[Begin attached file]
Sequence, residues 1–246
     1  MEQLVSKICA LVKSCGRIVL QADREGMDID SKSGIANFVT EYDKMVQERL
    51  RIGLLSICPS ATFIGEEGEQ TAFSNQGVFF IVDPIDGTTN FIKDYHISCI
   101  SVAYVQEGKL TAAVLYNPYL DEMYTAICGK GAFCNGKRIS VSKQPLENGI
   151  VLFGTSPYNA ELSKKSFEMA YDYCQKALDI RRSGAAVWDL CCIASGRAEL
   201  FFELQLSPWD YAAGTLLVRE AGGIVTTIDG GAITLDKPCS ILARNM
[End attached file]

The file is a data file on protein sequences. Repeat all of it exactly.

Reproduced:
Sequence, residues 1–246
     1  MEQLVSKICA LVKSCGRIVL QADREGMDID SKSGIANFVT EYDKMVQERL
    51  RIGLLSICPS ATFIGEEGEQ TAFSNQGVFF IVDPIDGTTN FIKDYHISCI
   101  SVAYVQEGKL TAAVLYNPYL DEMYTAICGK GAFCNGKRIS VSKQPLENGI
   151  VLFGTSPYNA ELSKKSFEMA YDYCQKALDI RRSGAAVWDL CCIASGRAEL
   201  FFELQLSPWD YAAGTLLVRE AGGIVTTIDG GAITLDKPCS ILARNM